Cut and Drywall

The rockers proceed through the house at a grueling pace, fitting sheets of drywall and cutting holes for utility boxes and light fixtures. Apparently they get paid by the square foot, but even at speed their work is pristine. A separate crew from Poulin Drywall began taping the seams today and applied the first coat of “mud”, aka plaster or joint compound. The goal here is to make all the inconsistencies – the screw holes and the seams between drywall sheets – disappear into a perfectly flat wall.

Tape and mud. (The picture is blurry because he moves so fast.)

Tape and mud. (The picture is blurry because he moves so fast.)

We carpenters (Colin was tickled pink when I called him a carpenter the other day, as if my opinion counts) know better than to meddle in such affairs. When rain kept us indoors this week, we busied ourselves with sealing and insulating a few remaining locales. The joists above the basement and first floor, which sit atop double walls, received a dose of foam around the perimeter followed by insulation batts cut to size. I strongly recommend long sleeves and gloves if you ever work with insulation batts. Above the second floor, every ceiling perimeter needed a bead of acoustical sealant… recall that the second-floor ceiling is part of the airtight envelope. But now that the ceiling has been rocked, it’s pitch black up in the attic! So Terry and Colin climbed up with their headlamps today and did the job.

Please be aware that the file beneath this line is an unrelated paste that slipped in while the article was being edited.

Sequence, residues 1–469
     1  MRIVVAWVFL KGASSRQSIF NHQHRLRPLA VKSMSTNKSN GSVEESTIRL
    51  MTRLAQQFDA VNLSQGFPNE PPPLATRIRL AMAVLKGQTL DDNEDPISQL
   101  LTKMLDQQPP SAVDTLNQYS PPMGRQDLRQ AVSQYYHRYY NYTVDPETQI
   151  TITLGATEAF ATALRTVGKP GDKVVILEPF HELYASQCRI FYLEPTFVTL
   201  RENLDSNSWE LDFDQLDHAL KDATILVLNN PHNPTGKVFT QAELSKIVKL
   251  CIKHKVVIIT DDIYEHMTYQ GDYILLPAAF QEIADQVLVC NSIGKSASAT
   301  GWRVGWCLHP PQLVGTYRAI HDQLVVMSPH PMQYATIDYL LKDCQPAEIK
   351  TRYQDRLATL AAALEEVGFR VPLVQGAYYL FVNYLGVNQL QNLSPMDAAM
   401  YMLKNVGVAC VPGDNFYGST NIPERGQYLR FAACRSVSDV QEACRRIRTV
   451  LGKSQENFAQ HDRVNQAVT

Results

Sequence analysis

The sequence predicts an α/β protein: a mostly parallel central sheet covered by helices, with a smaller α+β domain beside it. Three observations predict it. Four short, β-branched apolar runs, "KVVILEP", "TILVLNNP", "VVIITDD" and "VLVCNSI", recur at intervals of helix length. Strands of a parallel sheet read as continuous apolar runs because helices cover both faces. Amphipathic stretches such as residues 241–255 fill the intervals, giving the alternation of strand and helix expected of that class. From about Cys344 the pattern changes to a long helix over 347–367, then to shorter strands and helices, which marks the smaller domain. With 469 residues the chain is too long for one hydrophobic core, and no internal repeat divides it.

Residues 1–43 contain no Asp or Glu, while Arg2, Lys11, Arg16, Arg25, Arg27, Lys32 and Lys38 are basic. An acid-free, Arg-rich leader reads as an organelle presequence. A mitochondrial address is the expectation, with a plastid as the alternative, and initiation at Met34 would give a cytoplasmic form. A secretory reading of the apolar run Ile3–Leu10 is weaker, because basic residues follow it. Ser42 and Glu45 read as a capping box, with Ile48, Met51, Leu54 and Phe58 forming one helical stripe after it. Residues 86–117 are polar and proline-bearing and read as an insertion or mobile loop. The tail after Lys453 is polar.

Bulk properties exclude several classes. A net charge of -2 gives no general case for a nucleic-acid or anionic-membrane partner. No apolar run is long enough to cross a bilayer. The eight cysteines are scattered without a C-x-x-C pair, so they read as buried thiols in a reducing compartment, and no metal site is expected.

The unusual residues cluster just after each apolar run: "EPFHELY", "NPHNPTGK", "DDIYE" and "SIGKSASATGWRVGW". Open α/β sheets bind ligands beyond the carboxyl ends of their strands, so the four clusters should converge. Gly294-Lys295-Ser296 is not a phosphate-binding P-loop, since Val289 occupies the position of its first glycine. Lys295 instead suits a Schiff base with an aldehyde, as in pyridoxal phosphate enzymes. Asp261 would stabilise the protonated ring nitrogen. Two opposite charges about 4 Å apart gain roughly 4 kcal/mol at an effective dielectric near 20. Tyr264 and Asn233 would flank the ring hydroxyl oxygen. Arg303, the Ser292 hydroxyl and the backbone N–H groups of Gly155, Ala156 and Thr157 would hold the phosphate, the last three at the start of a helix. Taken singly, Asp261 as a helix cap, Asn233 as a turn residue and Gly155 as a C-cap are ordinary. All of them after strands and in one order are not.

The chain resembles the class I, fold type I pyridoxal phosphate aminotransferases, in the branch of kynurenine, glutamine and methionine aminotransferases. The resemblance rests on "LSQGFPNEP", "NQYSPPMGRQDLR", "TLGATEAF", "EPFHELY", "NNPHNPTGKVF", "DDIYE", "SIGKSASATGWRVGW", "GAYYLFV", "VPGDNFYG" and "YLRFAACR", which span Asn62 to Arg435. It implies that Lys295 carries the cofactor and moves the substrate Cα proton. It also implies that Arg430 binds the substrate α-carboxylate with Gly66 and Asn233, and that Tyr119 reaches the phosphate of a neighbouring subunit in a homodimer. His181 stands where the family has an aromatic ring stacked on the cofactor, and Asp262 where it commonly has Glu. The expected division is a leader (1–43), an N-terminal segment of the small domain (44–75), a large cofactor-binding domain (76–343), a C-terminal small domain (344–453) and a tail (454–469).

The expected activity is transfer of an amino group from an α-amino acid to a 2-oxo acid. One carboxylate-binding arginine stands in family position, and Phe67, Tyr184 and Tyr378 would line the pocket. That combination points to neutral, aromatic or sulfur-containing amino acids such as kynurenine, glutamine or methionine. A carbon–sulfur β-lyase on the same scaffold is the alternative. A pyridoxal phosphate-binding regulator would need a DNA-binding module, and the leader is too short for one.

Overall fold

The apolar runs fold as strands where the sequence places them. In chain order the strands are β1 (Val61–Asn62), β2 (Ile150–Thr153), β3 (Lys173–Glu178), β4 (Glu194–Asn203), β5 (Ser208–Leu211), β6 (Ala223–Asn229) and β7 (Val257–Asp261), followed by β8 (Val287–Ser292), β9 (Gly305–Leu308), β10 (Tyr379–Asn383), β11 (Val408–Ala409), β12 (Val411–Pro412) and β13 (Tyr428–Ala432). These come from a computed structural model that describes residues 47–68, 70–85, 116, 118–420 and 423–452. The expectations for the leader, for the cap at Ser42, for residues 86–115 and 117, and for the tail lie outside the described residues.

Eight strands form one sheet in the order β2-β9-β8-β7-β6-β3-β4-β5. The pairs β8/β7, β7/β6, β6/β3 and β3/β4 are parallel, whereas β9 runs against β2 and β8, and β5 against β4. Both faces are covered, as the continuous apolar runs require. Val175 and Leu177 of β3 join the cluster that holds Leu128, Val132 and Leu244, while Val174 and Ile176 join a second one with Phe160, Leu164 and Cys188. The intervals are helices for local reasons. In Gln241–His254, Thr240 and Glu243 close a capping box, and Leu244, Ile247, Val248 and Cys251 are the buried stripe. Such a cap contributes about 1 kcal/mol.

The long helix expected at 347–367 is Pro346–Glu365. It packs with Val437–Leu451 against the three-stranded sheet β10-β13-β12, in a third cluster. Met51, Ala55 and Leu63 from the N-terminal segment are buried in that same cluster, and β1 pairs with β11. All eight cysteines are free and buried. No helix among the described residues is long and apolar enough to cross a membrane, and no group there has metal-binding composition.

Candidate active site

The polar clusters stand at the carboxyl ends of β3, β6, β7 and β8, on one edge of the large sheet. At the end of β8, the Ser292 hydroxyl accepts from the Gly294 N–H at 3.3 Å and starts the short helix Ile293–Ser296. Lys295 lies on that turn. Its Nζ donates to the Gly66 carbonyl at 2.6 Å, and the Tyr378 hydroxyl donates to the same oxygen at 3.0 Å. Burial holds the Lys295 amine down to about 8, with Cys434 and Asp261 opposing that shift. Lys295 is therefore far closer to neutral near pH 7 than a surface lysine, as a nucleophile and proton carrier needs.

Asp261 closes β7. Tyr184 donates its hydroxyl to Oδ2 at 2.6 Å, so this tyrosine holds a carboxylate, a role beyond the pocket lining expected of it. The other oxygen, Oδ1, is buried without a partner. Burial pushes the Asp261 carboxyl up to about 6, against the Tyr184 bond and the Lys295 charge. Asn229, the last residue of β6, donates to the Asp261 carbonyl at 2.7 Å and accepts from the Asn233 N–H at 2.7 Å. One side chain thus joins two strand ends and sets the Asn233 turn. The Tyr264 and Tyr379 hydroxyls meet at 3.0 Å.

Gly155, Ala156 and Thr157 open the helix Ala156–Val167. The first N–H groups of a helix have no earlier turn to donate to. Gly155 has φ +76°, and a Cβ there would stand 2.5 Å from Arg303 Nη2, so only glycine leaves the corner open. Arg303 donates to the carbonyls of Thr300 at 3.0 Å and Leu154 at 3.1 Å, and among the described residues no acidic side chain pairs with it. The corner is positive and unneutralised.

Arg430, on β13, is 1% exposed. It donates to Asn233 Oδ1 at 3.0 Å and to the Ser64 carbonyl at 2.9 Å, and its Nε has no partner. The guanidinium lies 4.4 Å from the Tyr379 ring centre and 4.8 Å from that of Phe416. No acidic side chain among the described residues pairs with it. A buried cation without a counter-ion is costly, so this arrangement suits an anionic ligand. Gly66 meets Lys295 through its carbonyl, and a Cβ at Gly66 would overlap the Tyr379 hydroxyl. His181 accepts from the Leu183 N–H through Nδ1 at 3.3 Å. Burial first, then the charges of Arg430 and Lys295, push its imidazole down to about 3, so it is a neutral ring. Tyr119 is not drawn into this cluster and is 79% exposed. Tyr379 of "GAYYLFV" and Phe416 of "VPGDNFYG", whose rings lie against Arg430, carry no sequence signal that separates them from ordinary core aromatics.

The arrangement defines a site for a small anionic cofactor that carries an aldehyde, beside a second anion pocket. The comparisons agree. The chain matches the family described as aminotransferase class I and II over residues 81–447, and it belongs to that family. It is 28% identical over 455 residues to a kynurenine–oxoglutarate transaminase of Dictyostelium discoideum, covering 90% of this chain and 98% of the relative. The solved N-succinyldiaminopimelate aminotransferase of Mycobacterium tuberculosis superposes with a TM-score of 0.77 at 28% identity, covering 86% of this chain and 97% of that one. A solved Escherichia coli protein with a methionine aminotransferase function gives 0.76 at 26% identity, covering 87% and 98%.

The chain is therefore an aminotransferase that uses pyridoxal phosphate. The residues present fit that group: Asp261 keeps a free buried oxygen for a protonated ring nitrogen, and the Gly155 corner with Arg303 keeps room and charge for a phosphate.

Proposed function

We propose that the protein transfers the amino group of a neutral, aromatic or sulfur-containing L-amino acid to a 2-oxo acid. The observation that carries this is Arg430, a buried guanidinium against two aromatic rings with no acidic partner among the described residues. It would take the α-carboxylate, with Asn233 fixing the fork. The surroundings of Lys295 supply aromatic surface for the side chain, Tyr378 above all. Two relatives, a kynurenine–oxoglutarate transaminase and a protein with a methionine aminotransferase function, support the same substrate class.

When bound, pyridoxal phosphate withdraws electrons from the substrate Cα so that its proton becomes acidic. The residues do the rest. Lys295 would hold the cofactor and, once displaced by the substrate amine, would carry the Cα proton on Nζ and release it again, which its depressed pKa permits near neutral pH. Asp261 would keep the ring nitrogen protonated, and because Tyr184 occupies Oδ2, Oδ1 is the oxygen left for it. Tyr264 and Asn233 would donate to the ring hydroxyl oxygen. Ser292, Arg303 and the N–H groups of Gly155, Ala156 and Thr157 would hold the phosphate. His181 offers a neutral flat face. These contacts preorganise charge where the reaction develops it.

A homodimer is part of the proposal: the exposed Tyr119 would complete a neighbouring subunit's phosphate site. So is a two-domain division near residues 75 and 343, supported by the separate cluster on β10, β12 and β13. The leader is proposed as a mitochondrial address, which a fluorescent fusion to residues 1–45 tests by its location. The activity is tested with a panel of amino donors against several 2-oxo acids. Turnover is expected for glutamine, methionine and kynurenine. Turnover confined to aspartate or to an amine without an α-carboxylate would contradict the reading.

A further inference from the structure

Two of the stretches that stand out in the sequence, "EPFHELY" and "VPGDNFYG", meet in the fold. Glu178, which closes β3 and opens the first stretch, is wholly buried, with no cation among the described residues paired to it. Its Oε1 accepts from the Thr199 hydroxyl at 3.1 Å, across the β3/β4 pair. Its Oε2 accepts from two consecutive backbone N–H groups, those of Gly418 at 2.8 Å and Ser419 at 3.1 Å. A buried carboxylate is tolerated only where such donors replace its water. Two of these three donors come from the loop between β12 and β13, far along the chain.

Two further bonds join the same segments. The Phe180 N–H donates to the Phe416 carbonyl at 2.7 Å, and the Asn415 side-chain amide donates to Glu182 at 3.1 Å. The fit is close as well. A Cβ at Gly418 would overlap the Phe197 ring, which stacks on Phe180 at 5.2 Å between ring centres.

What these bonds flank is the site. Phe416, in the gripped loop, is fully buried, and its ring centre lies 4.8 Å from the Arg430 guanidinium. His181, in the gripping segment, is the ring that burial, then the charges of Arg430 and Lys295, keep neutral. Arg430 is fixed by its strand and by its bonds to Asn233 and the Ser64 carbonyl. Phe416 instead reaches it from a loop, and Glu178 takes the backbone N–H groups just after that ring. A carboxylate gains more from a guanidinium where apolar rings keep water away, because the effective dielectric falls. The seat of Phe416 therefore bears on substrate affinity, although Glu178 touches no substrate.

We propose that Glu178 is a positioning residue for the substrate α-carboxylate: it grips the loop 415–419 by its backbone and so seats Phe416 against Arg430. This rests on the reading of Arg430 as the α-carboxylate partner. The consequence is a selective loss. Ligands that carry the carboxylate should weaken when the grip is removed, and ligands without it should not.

Insulation batts fill the space between floors.

Insulation batts fill the space between floors.

Colin and Terry go spelunking in the attic.

Colin and Terry go spelunking in the attic.

Miraculously, the weather cooperated enough for some outdoor work as well. In a mild rain, we raised trusses for the screened porch. These trusses come from Adam Lumber, who delivered them with the gable roof trusses way back when… we’ve stored ‘em in the Barn for months. Colin studied the key plan they provided with the delivery and solved the puzzle of which truss went where. Terry laid out the location of the first few trusses atop the ledger beams, and once I got the hang of it I was his right hand man for layout, lifting, nailing, and checking level. Definitely a team effort.

Looks pretty cool, huh?

Looks pretty cool, huh?

And we started installing the soffit and fascia that will encircle every roof. I’ll save the details of this procedure for a future post, but here’s a look at our progress.

Soffit below the overhang, fascia on the edge. We have a long way to go...

Soffit below the overhang, fascia on the edge. We have a long way to go…

We three hope the sun will come out next week, so we can finish roofing the porches and continue wrapping our fascia. The rockers need only a day or two more, and three coats of mud will follow… then drywall too shall be done.

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